08 Dec. 2015 | Comments (0)
Last year on Giving Tuesday, Salesforce.org, the Entrepreneurs Foundation of Colorado, and Atlassian launched Pledge 1%, a movement encouraging start-up founders to commit 1 percent of personal and company equity, product, and employee time to the community. The first anniversary of Pledge 1% has seen the campaign surpass its initial goal of 500 pledges, creating a network of young entrepreneurs and growth companies that have philanthropy at their core.
Ryan Martens, founder and CTO of Rally Software (recently acquired by CA Technologies), and a founding board member of the Entrepreneurs Foundation of Colorado, says that one of the benefits of making the pledge is establishing a positive dynamic between the company and the community. “There are negative externalities that you create as a growing company,” says Martens. “Acknowledging that your company growth should help the community in some positive way is just common sense. It sets up a mutually beneficial relationship between the business and the community, as opposed to an adversarial one.”
One area in which start-ups and large multinationals face a similar challenge is attracting and retaining talent. For Pledge 1% companies, which often have a complicated product or equity that is currently worth very little, one of the easiest and most effective ways to contribute to communities is through employee volunteering, something that is now being demanded by the young generation of workers. Martens notes that at many Pledge 1% companies new employees begin volunteering on company time within the first week on the job. “When you get started that way it becomes part of the philosophy of the company and its employees,” he says.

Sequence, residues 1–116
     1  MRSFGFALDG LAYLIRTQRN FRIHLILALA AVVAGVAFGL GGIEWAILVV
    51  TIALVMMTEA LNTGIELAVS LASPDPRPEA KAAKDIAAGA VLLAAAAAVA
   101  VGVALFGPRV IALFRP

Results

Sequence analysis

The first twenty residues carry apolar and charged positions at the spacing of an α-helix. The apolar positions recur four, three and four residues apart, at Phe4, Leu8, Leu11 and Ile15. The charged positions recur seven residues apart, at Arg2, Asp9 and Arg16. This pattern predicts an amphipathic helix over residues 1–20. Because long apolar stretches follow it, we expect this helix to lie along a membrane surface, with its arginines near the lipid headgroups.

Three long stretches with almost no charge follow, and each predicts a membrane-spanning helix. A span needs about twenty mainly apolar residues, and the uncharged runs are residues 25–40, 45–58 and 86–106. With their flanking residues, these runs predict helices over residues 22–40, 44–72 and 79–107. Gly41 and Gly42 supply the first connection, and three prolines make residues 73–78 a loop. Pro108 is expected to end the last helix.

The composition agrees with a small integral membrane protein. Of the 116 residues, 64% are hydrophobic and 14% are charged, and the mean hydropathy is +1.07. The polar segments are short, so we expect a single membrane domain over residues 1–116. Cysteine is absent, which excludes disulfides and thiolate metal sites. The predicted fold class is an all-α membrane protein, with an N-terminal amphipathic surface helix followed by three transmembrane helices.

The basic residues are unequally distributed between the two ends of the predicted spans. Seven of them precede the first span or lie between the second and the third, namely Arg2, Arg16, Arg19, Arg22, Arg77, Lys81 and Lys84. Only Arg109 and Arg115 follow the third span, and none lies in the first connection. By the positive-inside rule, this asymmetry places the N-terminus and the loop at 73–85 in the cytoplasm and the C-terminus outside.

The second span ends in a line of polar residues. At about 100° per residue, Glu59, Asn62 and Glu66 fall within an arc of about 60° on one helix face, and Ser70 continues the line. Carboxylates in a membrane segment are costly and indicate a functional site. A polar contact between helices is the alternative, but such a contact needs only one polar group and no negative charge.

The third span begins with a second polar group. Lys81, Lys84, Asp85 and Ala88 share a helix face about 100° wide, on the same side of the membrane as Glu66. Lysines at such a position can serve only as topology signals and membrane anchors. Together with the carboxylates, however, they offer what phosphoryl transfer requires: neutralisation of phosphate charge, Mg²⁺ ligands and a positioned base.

None of this is particularly ground-breaking—companies have long touted the benefits of engaging community stakeholders and giving employees the opportunity to volunteer. But for young, high-growth companies, the idea of injecting a philanthropic philosophy at an early stage establishes a long-term growth path that ultimately means the company exists for more than just financial gain. “Great companies are now aspiring to be way more than just great products,” Martens says, highlighting a number of companies that exemplify this evolution, including Ben and Jerry’s, Google, LinkedIn, and Patagonia, as well as Pledge 1% co-founders Atlassian and Salesforce.
Lessons from new companies
Although there is a wealth of lessons and experience in the corporate world for Pledge 1% signatories to draw on, according to Martens young companies and their entrepreneurs have something to offer their larger counterparts as well.
He says: “[Making a philanthropic commitment] early in the company’s history is about expanding your view on empathy and responsibility, as opposed to viewing community engagement as an obligation. Those views are changing, just like business models are changing due to the sharing economy and high-tech capabilities. This is about realizing that the twenty-first century problems can only be solved with the right kind of empathy.”